<img height="1" width="1" style="display:none" src="https://www.facebook.com/tr?id=192888919167017&amp;ev=PageView&amp;noscript=1">
Sunday,  May 26 , 2024

Linkedin Pinterest
News / Life / Entertainment

TV Questions: Will ‘Schmigadoon!’ have encore season?

By Rich Heldenfels, Tribune News Service
Published: April 13, 2024, 5:59am

You have questions. I have some answers.

It was such a disappointment to all of us musical theater fans that the wonderful “Schmigadoon!” was canceled by Apple TV+ before Season 3 (which had all of its songs already written!) could be filmed. Any chance it will be picked up by another network? It’s truly a theatrical treasure.

It was indeed a treasure as it built its stories around classic Broadway musical styles for two seasons, with an array of musical pros (Ariana DeBose, Alan Cumming and Kristin Chenoweth among them) joining stars Cecily Strong and Keegan-Michael Key. Could it come back sometime? These days it seems any series has a chance of eventual revival. But I’m not optimistic about this one.

What’s with the five-minute period (from 10:30 to 10:35 p.m. CT) when local stations stretch their news before the network late-night shows begin? Why don’t they begin and end at the half-hour like most scheduled programs?

It’s a way for local newscasts to get in a few more minutes of commercials before the late shows begin, much the way some current hit shows add a minute to their running time to make room for more ads. But that’s not the only occasion for odd start times for TV shows. When Ted Turner was trying to bring viewers to TBS and TNT, he observed that starting on the hour and half-hour meant his networks’ TV listings were jammed in with other programs at those times; for years he put the start times at five minutes past the hour or half-hour so the shows had their own, solo spot in the listings. And NBC at one time aired its hit comedies in “supersized” form running a little more than 30 minutes to deter viewers from switching to other networks.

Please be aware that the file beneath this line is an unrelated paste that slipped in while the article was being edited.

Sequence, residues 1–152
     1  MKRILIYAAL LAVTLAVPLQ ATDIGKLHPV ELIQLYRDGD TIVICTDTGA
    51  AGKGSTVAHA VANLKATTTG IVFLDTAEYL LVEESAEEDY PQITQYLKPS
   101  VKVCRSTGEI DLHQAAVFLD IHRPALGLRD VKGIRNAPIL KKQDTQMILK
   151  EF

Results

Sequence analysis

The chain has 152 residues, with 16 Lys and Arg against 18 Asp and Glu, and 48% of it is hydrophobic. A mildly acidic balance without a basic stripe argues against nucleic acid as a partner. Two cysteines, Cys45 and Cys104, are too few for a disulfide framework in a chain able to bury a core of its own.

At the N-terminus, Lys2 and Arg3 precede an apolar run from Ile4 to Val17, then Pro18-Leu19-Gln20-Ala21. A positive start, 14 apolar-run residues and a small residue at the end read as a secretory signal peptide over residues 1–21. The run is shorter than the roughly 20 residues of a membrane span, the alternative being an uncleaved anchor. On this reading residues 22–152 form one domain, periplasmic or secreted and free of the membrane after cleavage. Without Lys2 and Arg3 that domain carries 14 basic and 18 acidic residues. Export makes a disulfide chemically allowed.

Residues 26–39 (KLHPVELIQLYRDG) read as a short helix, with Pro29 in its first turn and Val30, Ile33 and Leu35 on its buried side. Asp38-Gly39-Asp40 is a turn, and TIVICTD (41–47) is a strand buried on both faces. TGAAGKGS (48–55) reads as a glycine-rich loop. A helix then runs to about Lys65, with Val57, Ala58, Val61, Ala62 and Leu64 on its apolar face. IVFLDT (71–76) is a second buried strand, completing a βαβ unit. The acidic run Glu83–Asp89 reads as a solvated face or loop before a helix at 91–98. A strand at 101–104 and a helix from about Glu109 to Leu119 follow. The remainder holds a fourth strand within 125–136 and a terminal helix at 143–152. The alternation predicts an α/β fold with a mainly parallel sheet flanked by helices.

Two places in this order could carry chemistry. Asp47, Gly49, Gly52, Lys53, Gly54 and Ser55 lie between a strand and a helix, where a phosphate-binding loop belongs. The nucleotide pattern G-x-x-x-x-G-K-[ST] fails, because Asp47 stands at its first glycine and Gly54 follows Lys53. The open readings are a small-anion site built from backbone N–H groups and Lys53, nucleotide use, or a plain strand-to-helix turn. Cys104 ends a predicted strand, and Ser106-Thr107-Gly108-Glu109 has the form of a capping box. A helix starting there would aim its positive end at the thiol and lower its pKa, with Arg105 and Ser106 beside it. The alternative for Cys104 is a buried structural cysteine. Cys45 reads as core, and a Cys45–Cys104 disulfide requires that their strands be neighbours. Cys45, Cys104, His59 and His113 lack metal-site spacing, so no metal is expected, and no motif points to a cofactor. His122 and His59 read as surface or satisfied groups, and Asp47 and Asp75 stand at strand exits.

Between 1973 and 1975, three TV movies were released on the broadcast networks: “Genesis II,” “Planet Earth” and “Strange New World.” They were pilots based on concepts by “Star Trek” creator Gene Roddenberry, but never sold as series. Are they available for viewing anywhere?

According to Lee Goldberg’s book “Unsold Television Pilots,” “Genesis II” aired in 1973 on CBS and focused on a scientist who was awakened 150 years after going into suspended animation. Alex Cord starred. After it did not sell, a script for the series became the pilot “Planet Earth” for ABC in 1974, with John Saxon as the star. When that did not sell, the studio tried “Strange New World” for ABC in 1975, with Saxon as the leader of a team of astronauts who wind up in the future. It didn’t sell either.

As for your question, here are some answers: all three films have been released on DVD and are for sale on Amazon. “Genesis II” and “Planet Earth” are also available as digital rentals and purchases on Prime Video, Vudu and elsewhere. “Strange New World” is on YouTube.